THE medium truly is the message -- that's what South Africa was banking on when it recently ended TV and photographic coverage of the violence that has become a commonplace. The South African leadership is borrowing a page from media guru Marshall McLuhan's book. It is betting that, if the riots are no longer daily television fare, the rest of the world will soon lose interest. Sadly, the bet might just pay off. Apartheid has been around as an issue since it was introduced in South Africa some four decades ago. But only during the past years has it moved from being a media yawn to a lead news item. One reason for this transformation is that the new assault on the barricades of apartheid has been a TV producer's dream.
There was good footage to be had when Washington policemen led Amy Carter from a protest at the South African Embassy. The film of South African blacks venting their anger in rioting has been powerful stuff. Pictures of grim-faced South African police wading into black crowds, billy clubs flailing, recall similarly horrific scenes from the early days of the civil rights movement.
This coverage, more than newspaper accounts or congressional debates, has framed the issue of apartheid in popular thought. It has defined South Africa, correctly, as a moral outlaw. It has implanted the intolerable on the consciences of hundreds of millions of viewers around the world. It has also been a command to change.
It's nonsense to claim, as South African officials do, that TV crews desperate for bloodshed are paying the rioters. The grievances of South African blacks don't need a television camera to find expression. Their anger will go on being vented whether or not anyone is watching. Whether anyone will continue to care is another matter.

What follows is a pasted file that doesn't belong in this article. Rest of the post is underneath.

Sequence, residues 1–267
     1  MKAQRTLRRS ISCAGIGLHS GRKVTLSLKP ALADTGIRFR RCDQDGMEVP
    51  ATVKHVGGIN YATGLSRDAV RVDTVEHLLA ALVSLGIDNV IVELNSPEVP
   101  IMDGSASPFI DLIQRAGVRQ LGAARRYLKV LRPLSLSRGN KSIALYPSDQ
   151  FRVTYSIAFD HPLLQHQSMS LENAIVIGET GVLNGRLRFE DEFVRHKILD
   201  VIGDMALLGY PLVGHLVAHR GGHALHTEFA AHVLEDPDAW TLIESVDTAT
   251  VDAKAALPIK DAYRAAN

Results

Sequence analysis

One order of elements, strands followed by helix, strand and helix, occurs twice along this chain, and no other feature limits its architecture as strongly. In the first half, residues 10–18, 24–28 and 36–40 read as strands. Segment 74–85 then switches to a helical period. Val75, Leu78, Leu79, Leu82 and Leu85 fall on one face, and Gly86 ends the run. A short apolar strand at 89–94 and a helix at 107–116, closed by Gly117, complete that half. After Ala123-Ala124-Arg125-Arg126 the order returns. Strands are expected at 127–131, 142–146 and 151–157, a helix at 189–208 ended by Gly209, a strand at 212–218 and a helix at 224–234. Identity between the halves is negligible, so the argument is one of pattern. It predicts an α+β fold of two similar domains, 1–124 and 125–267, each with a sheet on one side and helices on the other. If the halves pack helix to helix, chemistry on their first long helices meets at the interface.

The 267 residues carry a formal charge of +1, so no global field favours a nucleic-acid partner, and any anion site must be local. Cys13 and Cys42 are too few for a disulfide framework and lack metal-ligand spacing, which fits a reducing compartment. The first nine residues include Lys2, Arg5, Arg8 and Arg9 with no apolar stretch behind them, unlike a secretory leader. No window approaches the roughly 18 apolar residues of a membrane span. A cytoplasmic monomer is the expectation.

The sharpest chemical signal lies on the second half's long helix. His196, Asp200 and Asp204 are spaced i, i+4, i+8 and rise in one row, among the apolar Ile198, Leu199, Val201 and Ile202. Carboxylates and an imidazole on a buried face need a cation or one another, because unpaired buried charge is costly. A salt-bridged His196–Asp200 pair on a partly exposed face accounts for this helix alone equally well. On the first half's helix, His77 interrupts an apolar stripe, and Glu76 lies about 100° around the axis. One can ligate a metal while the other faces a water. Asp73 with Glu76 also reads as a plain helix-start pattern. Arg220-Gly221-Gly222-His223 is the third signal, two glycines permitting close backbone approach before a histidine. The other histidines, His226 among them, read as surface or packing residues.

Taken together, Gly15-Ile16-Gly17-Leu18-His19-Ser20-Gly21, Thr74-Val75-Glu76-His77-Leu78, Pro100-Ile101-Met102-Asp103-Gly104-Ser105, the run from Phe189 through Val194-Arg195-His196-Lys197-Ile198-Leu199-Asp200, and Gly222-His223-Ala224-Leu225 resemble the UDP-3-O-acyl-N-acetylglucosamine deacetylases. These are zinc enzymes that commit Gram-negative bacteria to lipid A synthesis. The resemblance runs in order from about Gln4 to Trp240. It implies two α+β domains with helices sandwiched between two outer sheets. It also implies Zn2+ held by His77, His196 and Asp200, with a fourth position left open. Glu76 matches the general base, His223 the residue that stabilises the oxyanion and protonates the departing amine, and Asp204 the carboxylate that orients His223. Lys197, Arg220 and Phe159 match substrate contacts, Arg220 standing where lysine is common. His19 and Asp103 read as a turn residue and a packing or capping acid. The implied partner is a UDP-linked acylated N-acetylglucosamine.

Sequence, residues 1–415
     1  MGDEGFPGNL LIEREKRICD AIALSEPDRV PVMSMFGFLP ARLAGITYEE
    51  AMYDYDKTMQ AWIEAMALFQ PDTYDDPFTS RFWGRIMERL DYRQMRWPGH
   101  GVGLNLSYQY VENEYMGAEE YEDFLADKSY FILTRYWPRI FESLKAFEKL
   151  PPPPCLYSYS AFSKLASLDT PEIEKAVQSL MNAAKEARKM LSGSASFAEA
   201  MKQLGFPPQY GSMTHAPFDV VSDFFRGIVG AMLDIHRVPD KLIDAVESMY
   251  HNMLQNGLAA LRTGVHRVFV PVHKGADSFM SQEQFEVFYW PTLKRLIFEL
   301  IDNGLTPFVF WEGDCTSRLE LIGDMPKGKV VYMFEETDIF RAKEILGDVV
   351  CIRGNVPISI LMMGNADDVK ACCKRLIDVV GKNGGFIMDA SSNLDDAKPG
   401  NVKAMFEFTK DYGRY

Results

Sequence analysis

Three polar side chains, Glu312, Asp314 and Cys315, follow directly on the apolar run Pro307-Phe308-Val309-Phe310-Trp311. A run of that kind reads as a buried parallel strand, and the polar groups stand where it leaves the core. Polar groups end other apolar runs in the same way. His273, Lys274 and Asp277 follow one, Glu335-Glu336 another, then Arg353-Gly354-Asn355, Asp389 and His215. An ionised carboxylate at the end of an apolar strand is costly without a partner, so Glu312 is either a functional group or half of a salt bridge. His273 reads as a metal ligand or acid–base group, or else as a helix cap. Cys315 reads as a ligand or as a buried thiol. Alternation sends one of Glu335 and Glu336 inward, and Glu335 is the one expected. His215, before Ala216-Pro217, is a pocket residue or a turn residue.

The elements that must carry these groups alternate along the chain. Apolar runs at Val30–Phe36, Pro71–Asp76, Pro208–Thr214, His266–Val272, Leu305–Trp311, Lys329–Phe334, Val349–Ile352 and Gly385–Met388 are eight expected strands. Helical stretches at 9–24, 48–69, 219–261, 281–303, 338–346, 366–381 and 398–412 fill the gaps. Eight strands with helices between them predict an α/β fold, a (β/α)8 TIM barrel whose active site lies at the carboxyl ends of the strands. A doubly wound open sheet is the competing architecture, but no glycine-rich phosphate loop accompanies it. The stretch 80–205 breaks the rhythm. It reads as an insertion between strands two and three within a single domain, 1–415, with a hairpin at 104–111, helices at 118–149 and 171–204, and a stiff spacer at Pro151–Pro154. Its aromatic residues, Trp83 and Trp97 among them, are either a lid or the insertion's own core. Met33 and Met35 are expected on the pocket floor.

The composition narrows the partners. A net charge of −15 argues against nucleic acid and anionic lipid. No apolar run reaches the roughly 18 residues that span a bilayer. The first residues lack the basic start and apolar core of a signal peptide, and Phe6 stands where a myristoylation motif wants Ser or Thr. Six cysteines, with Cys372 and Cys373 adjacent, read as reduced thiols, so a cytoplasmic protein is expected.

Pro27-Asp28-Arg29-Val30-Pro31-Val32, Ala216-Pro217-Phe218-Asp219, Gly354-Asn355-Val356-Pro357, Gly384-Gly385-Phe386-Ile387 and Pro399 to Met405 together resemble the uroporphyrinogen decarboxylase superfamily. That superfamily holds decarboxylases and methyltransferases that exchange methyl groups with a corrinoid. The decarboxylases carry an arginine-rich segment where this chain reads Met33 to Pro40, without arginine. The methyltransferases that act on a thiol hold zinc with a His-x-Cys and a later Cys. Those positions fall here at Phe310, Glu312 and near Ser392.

By now the lesson of South Africa might seem so familiar that repetition isn't necessary to drive it home. But according to the polls, Americans have only the shallowest understanding of what's actually happening there. The more consequential political maneuvering in South Africa doesn't make good photo opportunities. If the lights are turned off, attention may disappear, too.
That's been true in Ethiopia, where the issue -- mass starvation -- was at least as powerful, the possibility of taking effective action at least as great. A year ago, it was hard to find a news show that didn't feature hunger. But camera crews, which came late to the scene in Ethiopia, also left early. Popular concern for the plight of the Ethiopians diminished, too.
What we know and think about bloodshed also largely comes from the TV coverage. Aim the camera, whether in South Africa or Vietnam or Lebanon, and attention follows. Outrage can be mobilized, demands made for the politicians to do something.
No coverage translates, all too easily, into no public concern. For years, now, Iran and Iraq have been at war with each other, killing off tens of thousands of each other's soldiers and civilians without benefit of a single TV camera. But for all that Americans know about it, that war might as well not exist. The Russians' systematic attempt to depopulate Afghanistan is rarely the stuff of TV coverage. The only way to cover that war would be to invite the experts to air their views, and ``talking heads '' spell death in the ratings wars.
It's not just our neighbors to the East who play this game of pull the plug, either. Britain effectively kept the media at bay while reclaiming the Falkland Islands, and the war in Grenada was over before the press could arrive. Both governments seized the chance to monopolize the war news and inflate their popularity. The strategy worked.
This is why South Africa's ``ban the cameras'' order could prove to be so important. The networks might just decide that there is no story to be told in riots that can't be aired, and thus relegate South Africa to the status of yesterday's news -- another Ethiopia.
That would be too bad. Even though the film crews have gone, mass hunger remains in Ethiopia. Similarly in South Africa, apartheid will remain a fact of life -- a fact calling for action -- even if its consequences are no longer being presented on nightly television.
David L. Kirp, a professor at the Graduate School of Public Policy, University of California (Berkeley), writes frequently on social-policy issues.